Fail­ure to im­ple­ment re­forms im­pedes growth – Moody’s

The Star Early Edition - - COMPANIES & NEWS - Ka­belo Khu­malo

LAST month’s sur­prise in­ter­est cut by the SA Re­serve Bank (Sarb) will sup­port short­term growth re­cov­ery, but the gov­ern­ment’s slow progress in im­ple­ment­ing struc­tural re­forms will im­pede the coun­try’s medium-term eco­nomic growth.

This is ac­cord­ing to a re­search re­port re­leased yes­ter­day by rat­ings agency, Moody’s.

Zuzana Brix­iova, a lead­ing sov­er­eign an­a­lyst for South Africa at Moody’s, said SARB’s de­ci­sion should sup­port neart­erm growth by low­er­ing the cost of in­vest­ment and mit­i­gat­ing the de­mand-damp­en­ing im­pact of fis­cal con­sol­i­da­tion.

“The ac­com­moda­tive mon­e­tary pol­icy will also partly off­set the drag of fis­cal con­sol­i­da­tion on growth and help achieve fis­cal con­sol­i­da­tion it­self by re­duc­ing do­mes­tic bor­row­ing costs and sup­port­ing rev­enue col­lec­tion.

“In the con­text of very high un­em­ploy­ment, the more ac­com­moda­tive stance will ease pres­sures on South Africa’s rel­a­tively highly in­debted house­holds,” Brix­iova said.

Sarb’s mon­e­tary pol­icy com­mit­tee took the mar­ket by sur­prise when it low­ered its bench­mark re­port rate by 25 ba­sis points two weeks ago – its first rate cut since 2012.

The cen­tral bank said the de­ci­sion to cut the rates was sup­ported by an im­proved in­fla­tion out­look since its last meet­ing, but cau­tioned that risks to the in­fla­tion out­look still re­main.

Brix­iova said SARB’s ef­forts to re­vive busi­ness con­fi­dence and in­vest­ment were likely to have a ma­te­rial im­pact only on medium-term growth, if ac­com­pa­nied by cred­i­ble fis­cal ad­just­ment and struc­tural re­forms to raise in­vest­ment.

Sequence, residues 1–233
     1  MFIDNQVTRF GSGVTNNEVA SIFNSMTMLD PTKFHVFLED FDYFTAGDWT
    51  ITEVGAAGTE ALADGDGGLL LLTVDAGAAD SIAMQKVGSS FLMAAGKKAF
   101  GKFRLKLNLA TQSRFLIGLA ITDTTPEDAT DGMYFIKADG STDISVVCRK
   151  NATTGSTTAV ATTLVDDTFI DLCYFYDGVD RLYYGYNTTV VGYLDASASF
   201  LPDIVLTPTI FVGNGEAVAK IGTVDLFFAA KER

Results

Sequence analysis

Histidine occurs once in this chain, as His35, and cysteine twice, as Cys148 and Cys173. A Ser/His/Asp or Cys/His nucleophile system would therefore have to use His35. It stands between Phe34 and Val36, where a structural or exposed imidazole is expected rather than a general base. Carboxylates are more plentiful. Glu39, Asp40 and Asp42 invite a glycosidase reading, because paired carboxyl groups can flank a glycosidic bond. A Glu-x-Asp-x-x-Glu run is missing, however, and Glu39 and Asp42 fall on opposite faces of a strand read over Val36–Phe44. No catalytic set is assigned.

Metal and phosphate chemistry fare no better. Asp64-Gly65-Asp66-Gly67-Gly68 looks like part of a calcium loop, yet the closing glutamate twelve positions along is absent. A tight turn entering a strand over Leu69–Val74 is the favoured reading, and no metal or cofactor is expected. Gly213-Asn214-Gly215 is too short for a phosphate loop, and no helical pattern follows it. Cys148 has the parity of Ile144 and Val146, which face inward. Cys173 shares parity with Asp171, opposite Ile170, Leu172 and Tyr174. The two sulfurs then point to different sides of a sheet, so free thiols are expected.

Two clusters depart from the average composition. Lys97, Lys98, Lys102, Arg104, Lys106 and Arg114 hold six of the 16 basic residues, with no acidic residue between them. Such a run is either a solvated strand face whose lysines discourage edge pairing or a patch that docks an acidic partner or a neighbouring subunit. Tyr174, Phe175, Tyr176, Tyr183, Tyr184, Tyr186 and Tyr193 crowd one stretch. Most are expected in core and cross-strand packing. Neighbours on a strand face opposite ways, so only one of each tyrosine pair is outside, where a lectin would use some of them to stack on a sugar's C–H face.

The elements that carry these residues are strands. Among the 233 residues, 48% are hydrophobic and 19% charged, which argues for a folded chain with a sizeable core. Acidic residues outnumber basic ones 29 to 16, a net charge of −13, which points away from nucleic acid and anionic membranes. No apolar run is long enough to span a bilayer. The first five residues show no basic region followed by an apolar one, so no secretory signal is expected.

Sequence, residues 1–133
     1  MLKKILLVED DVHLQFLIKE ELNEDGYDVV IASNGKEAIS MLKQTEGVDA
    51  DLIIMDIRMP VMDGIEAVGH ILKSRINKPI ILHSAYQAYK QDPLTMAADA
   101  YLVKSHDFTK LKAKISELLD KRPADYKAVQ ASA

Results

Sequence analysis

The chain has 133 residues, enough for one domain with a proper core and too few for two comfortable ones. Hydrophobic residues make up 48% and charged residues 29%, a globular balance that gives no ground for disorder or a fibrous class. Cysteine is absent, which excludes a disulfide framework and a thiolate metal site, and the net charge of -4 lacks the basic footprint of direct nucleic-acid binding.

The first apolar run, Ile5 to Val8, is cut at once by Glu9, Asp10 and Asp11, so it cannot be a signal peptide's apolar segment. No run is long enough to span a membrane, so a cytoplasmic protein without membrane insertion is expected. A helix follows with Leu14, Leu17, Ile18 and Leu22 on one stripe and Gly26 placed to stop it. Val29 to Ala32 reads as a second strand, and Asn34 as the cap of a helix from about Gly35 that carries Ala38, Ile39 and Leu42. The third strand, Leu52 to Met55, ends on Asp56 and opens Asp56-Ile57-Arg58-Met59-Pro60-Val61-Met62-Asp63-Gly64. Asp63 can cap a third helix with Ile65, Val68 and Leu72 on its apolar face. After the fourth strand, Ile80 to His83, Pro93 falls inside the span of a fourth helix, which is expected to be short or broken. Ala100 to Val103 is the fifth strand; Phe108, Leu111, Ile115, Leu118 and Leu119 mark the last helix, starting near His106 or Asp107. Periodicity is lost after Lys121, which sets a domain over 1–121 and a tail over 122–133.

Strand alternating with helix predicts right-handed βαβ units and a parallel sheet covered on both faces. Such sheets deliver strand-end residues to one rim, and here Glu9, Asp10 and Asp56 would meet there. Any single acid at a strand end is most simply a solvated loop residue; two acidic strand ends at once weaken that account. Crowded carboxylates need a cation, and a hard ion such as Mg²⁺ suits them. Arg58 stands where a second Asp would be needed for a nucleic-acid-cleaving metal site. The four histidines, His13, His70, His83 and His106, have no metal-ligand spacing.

“We con­cur with SARB’s view that mon­e­tary pol­icy alone can­not pro­vide a so­lu­tion to the struc­tural growth con­straints that the econ­omy has been ex­pe­ri­enc­ing for a num­ber of years.”

Among the struc­tural re­forms flagged by Moody’s were bar­ri­ers to en­try for firms in key sec­tors such as en­ergy, trans­port and telecom­mu­ni­ca­tions as well as man­u­fac­tur­ing and high value-ad­ding ser­vices, also con­strain­ing more rapid growth in out­put and em­ploy­ment.

Weak gov­er­nance and a de­te­ri­o­rat­ing busi­ness en­vi­ron­ment also im­peded in­vest­ment and start-ups, Brix­iova said.

The rat­ing agency also said the coun­try would need to at­tend to in­fra­struc­ture gaps, skills short­ages, rel­a­tively weak ed­u­ca­tional out­comes and the risk of in­dus­trial ac­tion that im­pede the smooth func­tion­ing of labour mar­kets if the coun­try wanted to achieve eco­nomic growth in the long run.

Last week, the Or­gan­i­sa­tion for Eco­nomic Co-op­er­a­tion and Devel­op­ment re­leased its eco­nomic sur­vey and ad­vised the coun­try to em­bark on wide-rang­ing struc­tural re­forms to put the econ­omy on a new growth tra­jec­tory, boost job-cre­ation and im­prove in­clu­siv­ity.

The sur­vey en­cour­aged the coun­try to open key sec­tors in­clud­ing telecom­mu­ni­ca­tions, en­ergy, trans­port and ser­vices to more com­pe­ti­tion and for the coun­try to con­sider es­tab­lish­ing a univer­sal stu­dent loan scheme con­tin­gent on fu­ture earn­ings, with the par­tic­i­pa­tion of banks and backed by gov­ern­ment guar­an­tees.

Moody’s also weighed in on the in­de­pen­dence and man­date of the Re­serve Bank, say­ing its de­ci­sion to cut in­ter­est rates “co­in­cides with po­lit­i­cal pres­sure on SARB’s in­de­pen­dence and man­date”.

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